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Virginia softball program eyes dramatic improvement in 2022 and beyond
COLLEGE SOFTBALL

Virginia softball program eyes dramatic improvement in 2022 and beyond

Virginia wants to be the top college softball program in the commonwealth. That lofty goal requires significant work for the Cavaliers, who went 15-33 in 2021 and haven’t had a winning season since going 26-25 in 2012.

“Our record was disappointing,” head coach Joanna Hardin said. “I think we felt like we underachieved for the talent and who we have on the team.”

The subpar season sent Hardin, who received a contract extension after the season, back to the drawing board.

“Any time you have a season like that, as the head coach and as the leader of the program I had to step back after the season and evaluate and evaluate myself and evaluate my leadership and where things were going wrong,” Hardin said.

Hardin decided her organization was due for a new structure. The coach with a pitching background decided she needed to better see the big picture of her team.

She brought in Mike Roberts, a decorated coach who spent the last three seasons leading Louisiana’s pitching staff. He helped lead Oregon and Washington to the College World Series during stints as the pitching coach, and he’s hopeful to find success with another Power Five program.

“I am honored to join coach Joanna Hardin and the entire UVa softball family,” Roberts said in a July statement. “I’m excited to get to the University of Virginia and get to work.”

With Roberts as the pitching coach, Hardin can focus on better leading the entire group. It also gives her time to get to know non-pitchers on a more personal level, something she’s excited about entering 2021-22. She’ll still have input on the pitching staff, but she won’t need to spend the majority of her time in the bullpen working with the pitchers.

“It allows me to really prioritize the relationships with my players and our team,” Hardin said.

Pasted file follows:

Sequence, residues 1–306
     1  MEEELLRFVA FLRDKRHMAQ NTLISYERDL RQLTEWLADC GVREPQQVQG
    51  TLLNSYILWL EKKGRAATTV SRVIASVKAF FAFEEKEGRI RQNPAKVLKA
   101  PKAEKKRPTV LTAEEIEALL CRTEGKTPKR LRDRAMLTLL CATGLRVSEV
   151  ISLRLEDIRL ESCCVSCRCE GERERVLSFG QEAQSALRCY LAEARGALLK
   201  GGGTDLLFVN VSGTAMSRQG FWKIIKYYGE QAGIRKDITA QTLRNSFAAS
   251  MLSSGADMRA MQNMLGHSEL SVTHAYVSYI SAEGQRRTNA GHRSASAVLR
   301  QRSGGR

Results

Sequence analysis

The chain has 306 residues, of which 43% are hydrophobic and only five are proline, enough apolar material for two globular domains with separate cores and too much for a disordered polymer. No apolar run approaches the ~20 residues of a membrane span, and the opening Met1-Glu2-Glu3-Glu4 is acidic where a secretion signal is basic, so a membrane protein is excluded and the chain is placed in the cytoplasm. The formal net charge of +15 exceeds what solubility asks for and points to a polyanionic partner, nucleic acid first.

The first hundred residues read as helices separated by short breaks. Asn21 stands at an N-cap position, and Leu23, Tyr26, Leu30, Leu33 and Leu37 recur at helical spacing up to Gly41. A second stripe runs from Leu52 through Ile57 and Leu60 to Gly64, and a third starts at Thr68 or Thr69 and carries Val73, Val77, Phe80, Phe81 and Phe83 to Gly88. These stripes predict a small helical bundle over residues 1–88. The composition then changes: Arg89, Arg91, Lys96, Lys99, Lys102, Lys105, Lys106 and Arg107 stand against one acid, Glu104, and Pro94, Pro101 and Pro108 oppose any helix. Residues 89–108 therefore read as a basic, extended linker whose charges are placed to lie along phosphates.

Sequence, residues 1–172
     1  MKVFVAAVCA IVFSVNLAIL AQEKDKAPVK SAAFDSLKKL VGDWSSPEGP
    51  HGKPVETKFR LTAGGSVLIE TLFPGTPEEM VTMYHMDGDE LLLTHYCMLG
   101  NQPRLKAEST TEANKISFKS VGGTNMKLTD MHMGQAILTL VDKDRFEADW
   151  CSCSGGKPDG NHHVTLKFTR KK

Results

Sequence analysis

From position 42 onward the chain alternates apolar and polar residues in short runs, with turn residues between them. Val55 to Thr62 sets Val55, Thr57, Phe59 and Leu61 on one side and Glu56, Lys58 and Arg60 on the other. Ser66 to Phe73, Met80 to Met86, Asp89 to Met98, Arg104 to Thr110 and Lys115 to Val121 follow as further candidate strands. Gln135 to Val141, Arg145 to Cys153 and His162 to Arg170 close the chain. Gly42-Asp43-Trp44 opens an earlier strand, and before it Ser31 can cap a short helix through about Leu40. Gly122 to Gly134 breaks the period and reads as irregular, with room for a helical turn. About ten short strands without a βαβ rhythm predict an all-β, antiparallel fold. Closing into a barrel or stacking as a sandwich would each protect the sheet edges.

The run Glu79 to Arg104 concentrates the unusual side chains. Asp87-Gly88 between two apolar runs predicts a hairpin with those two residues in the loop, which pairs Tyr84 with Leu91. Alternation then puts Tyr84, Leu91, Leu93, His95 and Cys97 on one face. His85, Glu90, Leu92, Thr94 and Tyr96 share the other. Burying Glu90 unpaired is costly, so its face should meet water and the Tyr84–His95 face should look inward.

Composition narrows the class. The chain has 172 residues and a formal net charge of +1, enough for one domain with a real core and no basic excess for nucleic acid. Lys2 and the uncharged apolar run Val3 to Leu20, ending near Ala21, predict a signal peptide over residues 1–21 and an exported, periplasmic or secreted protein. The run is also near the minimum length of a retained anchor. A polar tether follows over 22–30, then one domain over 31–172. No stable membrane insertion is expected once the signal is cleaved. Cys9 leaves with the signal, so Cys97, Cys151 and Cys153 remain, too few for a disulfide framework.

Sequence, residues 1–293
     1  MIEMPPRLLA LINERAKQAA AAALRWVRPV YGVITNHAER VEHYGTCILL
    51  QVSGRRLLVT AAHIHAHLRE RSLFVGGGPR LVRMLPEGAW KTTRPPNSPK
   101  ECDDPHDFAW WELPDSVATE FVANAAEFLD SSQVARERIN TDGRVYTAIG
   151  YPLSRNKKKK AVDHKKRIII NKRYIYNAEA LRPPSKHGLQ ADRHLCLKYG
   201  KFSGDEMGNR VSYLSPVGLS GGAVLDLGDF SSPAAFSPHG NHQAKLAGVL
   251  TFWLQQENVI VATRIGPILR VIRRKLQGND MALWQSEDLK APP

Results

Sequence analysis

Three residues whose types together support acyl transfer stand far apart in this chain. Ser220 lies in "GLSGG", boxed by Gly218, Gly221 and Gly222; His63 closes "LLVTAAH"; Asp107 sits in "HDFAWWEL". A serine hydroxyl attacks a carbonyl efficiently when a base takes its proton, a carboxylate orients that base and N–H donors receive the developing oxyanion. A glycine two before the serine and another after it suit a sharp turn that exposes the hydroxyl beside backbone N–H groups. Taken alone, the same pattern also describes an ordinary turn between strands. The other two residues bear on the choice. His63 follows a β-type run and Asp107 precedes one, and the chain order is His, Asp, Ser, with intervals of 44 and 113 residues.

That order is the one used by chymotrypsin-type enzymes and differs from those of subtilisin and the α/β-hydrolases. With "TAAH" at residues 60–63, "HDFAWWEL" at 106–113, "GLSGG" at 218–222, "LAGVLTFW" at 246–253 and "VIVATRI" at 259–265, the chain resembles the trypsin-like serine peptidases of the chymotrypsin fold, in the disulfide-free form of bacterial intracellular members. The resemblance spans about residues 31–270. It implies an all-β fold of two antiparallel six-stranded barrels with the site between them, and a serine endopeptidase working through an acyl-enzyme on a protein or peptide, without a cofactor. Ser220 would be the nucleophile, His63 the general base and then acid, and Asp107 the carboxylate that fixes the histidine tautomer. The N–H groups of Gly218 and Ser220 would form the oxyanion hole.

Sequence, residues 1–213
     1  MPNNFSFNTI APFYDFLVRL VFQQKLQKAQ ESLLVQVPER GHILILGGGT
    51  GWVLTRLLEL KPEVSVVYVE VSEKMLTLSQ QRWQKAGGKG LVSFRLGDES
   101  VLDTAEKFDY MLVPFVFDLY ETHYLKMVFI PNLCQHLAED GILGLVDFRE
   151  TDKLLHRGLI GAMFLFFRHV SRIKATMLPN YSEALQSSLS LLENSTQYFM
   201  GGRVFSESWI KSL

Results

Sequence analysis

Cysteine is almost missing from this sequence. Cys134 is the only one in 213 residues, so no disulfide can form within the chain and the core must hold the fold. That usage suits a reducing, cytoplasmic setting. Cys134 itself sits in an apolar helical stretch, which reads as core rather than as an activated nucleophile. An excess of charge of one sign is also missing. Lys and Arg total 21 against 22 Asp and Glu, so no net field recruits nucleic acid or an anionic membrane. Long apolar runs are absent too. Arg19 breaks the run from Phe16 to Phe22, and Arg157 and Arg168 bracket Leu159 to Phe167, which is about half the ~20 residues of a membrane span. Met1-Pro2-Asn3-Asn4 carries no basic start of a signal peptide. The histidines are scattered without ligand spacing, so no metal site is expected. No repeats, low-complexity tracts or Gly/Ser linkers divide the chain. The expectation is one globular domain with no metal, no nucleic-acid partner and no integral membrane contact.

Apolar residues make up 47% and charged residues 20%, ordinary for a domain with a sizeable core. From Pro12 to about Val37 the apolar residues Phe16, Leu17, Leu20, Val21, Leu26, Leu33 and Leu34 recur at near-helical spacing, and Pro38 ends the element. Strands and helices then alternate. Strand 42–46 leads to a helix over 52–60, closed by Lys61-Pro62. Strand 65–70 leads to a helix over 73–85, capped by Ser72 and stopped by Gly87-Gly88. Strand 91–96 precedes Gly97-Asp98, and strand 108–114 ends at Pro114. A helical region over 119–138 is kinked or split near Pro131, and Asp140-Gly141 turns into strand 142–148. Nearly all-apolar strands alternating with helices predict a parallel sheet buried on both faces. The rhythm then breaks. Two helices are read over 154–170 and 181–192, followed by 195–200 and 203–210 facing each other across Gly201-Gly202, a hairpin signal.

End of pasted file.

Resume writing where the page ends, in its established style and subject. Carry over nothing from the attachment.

Virginia returns a roster capable of the sizeable turnaround it craves. UVa has 10 seniors and seven juniors. The group is experienced, but the veterans aren’t guaranteed playing time on a roster with young talent.

The team’s sophomore class is stacked.

Abby Weaver hit a team-best .328 and started 20 games as a freshman. She hit a pair of home runs and walked 11 times, compared to eight strikeouts. Leah Boggs earned 25 starts, hitting .254 and drawing 10 walks.

Pitchers Mikayla Houge and Madison Harris showed promise in their first collegiate seasons. They combined for five saves, and Houge looked the part of a capable starter with high upside. She started 20 games, posting an ERA of 3.42. Her 5-11 record doesn’t jump off the page, but there’s hope that Houge and Harris will take a step forward in their second seasons, especially with a more traditional fall.

UVa’s incoming freshman class features six players, and four of them are top-50 recruits, according to Extra Inning Softball. The class was ranked 31st nationally and the four top-50 recruits ties UVa for the most top-50 signees among ACC schools. The Cavaliers also have redshirt freshman Lauren Vanassche, a top-100 recruit who missed the 2021 season due to injury.

The talent on the roster grows each season for UVa.

Hardin credits the team’s new facility, Palmer Park, for improved recruiting metrics. The university offers plenty of positives academically and athletically, and the team’s stadium now puts it on par or above Power Five peers.

Palmer Park helps UVa’s chances of climbing to the top of collegiate softball in Virginia. It won’t be easy to unseat programs like James Madison, which played in the College World Series this spring, and Virginia Tech, which made a super regional. Even Liberty’s program consistently racks up more victories than UVa.

The Cavaliers, however, have the resources to compete.

“The competitiveness of the schools in state, I love it because I think it develops state rivalries,” Hardin said. “Now that we have our facility and we have some other key components to our program in place, it’s giving us a competitive advantage I think in recruiting.”

In the short term, UVa hopes its revamped coaching staff leads to improved results in 2022. In the long term, UVa thinks it can attract the top players in a talent-rich state, eventually taking the program from ACC mediocrity to national relevance.

“All the best players in our state should have a look at Virginia, that’s my belief, and if we can win our state in recruiting, I think it sets us up really well,” Hardin said.

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